James Beard Publication of the Year 2017

A Familiar Meal, from Cape Town to Glasgow to the American South

Photo: Aleph500Adam/Commons.

A Familiar Meal, from Cape Town to Glasgow to the American South

Mealie Meal in Cape Town

One of my favorite movies growing up was My Cousin Vinny. Spoiler alert: unlikely New York lawyer Joe Pesci cracks a murder trial on the question of how long it takes Southerners to make fresh—not instant—grits in the morning. In my ignorance, I pictured grits as some kind of edible creature, like tiny shrimp. I hadn’t realized I had been eating grits at my grandmother’s house in Cape Town every Christmas.

Because grits are similar to what my South African relatives call mealie meal: a ground maize flour that, mixed with different proportions of water, produces a stodgy porridge, or a more solid “pap.” There are hundreds of names for this staple around Africa and beyond, but the term I learned first is a jolly distortion of milho, because Portuguese traders brought the maize from the Americas to Africa. (A “mealie” is a pleasing local term for corn-on-the cob.) Mealie meal often fortifies savory dishes, and grits come with cheese or shrimp. But around South Africa’s Western Cape, it’s common to sweeten this culinary blank slate with sugar, honey, and milk for breakfast, which is how I was weaned onto it in the 1980s, armed with a large spoon and a sweet tooth.

It was only the presence of this local porridge (and the revered Mrs Ball’s Chutney) that could place my grandmother’s first-generation breakfast table—decked out with lime marmalade, tea, eggs, and marmite—in the Cape rather than, say, London, Bootle, or even Glasgow, where her mother was born. True, the Brits who make their way abroad have a certain reputation for clinging to their peculiar routines, hemisphere be damned, but their roots weren’t that deep. Her mother’s family had emigrated from the grey west coast of Scotland to the dry heat of Durban. My grandmother absorbed plenty of earnest Scottish attributes, but otherwise rebelled against her strict Presbyterian background. (Secular to the end, her final wishes were that we forego a funeral in favor of a Pimms-fuelled party, and scatter her ashes—illegally—around Kirstenbosch Botanical Gardens and St James’ Beach. We complied.)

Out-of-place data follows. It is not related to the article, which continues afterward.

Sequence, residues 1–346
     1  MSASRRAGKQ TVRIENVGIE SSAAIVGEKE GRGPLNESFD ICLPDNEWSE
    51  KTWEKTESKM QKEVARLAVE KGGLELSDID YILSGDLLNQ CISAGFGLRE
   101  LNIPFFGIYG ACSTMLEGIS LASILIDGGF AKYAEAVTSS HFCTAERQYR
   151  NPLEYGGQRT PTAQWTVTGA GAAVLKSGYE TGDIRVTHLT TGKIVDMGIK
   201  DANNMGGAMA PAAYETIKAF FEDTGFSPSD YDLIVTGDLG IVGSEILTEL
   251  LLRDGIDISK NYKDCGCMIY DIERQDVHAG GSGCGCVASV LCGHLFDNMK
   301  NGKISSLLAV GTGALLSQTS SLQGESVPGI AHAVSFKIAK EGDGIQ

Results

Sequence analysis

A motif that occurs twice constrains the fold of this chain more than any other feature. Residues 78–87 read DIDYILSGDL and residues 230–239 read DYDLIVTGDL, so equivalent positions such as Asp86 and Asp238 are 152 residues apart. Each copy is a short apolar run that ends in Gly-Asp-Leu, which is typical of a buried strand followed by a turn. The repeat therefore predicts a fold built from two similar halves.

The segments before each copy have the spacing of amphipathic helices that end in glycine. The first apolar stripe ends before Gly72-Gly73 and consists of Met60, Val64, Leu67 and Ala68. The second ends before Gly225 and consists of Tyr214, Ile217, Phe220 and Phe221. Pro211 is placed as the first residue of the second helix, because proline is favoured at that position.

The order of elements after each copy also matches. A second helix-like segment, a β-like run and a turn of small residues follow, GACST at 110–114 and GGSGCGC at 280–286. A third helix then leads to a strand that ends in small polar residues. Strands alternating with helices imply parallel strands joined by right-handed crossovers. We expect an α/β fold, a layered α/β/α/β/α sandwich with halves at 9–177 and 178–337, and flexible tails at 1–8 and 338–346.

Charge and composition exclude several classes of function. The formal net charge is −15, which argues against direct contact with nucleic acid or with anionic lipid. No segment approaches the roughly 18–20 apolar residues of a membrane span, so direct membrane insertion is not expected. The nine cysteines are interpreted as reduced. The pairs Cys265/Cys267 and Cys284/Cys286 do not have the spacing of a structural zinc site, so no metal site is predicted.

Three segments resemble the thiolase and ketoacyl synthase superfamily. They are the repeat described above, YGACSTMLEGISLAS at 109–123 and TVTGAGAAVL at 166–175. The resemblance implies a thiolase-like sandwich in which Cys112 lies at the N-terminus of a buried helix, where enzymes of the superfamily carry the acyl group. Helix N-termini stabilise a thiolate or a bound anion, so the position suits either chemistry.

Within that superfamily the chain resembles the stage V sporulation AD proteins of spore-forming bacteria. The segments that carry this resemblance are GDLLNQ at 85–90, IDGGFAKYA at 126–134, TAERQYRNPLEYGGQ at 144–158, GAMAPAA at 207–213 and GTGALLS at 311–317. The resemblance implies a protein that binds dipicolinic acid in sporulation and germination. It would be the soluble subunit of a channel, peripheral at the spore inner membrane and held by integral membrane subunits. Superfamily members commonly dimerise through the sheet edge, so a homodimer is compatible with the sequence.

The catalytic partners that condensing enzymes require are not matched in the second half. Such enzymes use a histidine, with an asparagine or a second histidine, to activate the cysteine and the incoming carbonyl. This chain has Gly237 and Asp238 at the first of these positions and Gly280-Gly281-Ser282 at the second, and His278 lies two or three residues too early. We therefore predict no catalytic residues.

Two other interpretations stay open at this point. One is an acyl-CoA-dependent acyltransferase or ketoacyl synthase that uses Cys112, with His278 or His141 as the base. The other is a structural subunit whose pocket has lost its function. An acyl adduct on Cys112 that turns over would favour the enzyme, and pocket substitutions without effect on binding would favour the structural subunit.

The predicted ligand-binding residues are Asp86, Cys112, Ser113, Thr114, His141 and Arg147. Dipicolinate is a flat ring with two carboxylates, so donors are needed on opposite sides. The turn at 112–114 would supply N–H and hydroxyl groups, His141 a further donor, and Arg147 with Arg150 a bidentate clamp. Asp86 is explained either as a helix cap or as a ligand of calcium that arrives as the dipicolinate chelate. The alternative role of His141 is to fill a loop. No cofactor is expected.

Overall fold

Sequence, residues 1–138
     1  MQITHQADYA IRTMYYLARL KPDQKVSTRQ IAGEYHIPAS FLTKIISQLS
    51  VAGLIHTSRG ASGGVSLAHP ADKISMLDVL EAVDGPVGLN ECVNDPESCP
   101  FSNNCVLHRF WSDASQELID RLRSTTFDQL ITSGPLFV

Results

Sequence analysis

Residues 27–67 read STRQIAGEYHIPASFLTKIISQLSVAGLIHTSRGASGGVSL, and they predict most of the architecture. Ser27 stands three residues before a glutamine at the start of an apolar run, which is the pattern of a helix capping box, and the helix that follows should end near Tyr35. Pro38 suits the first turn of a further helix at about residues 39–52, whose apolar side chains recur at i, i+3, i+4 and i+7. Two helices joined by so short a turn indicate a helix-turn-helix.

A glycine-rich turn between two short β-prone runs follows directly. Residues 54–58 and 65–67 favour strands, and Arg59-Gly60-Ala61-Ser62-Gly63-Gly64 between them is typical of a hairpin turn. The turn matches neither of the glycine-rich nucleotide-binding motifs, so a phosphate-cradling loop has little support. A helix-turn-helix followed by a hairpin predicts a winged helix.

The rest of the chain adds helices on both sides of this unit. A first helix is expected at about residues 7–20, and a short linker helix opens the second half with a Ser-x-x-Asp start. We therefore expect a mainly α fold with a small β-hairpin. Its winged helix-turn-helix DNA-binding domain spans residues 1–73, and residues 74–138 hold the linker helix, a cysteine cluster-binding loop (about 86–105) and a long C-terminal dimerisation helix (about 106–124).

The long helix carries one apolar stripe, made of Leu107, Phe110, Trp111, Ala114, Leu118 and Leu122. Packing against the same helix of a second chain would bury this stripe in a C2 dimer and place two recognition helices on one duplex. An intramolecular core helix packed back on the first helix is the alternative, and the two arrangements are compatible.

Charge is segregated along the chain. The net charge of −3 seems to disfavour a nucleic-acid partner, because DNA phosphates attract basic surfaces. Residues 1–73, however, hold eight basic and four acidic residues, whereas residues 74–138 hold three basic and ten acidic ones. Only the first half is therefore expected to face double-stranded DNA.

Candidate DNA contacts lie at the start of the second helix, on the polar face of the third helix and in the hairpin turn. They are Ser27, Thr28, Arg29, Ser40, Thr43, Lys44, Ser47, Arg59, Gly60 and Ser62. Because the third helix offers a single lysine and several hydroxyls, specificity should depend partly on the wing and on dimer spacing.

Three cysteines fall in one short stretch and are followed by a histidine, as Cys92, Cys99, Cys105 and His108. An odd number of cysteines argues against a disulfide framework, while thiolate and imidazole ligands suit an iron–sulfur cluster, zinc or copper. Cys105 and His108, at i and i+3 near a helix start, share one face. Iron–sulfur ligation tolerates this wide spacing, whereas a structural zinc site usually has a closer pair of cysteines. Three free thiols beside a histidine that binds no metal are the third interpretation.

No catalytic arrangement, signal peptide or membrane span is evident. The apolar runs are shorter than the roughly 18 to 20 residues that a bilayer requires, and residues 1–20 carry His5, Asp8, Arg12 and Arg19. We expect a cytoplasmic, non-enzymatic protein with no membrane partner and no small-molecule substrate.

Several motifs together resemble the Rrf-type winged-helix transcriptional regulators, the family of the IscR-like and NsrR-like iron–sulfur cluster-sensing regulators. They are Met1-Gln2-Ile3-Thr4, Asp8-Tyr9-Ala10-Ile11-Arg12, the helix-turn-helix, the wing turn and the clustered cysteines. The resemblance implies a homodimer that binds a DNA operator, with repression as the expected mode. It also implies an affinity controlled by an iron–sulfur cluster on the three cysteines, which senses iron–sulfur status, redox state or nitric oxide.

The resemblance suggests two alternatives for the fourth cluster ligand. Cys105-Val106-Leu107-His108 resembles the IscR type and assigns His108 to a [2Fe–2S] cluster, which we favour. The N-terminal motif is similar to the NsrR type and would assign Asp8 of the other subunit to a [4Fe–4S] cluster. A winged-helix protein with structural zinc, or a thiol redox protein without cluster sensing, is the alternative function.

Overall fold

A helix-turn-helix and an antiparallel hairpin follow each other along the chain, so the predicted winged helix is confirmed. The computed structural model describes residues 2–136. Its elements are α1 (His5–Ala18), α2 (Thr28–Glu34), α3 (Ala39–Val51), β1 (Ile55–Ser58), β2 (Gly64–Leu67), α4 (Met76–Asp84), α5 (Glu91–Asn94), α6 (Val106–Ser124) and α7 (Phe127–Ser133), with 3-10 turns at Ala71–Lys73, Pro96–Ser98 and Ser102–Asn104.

I was young when she died. So I learned the milestones of her life in South Africa only afterwards: driving an ambulance for the Red Cross in Durban during the war; hanging out with Roald Dahl, who was in East Africa with the King’s Africa Rifles; protesting against the National Party’s repugnant apartheid laws with the Black Sash movement.

These days, we make it back around once a decade. My mother left Cape Town in the 1960s to follow science studies to Heidelberg, then Vienna, and would never return for good. My aunt and her family returned several years ago, after some decades abroad that started in pre-Revolutionary Iran and ended in Wimbledon. My uncle’s three daughters never left. And now when we return and eat at their tables in Cape Town or Johannesburg, there is far more than just mealie meal to represent the continent they made their home.

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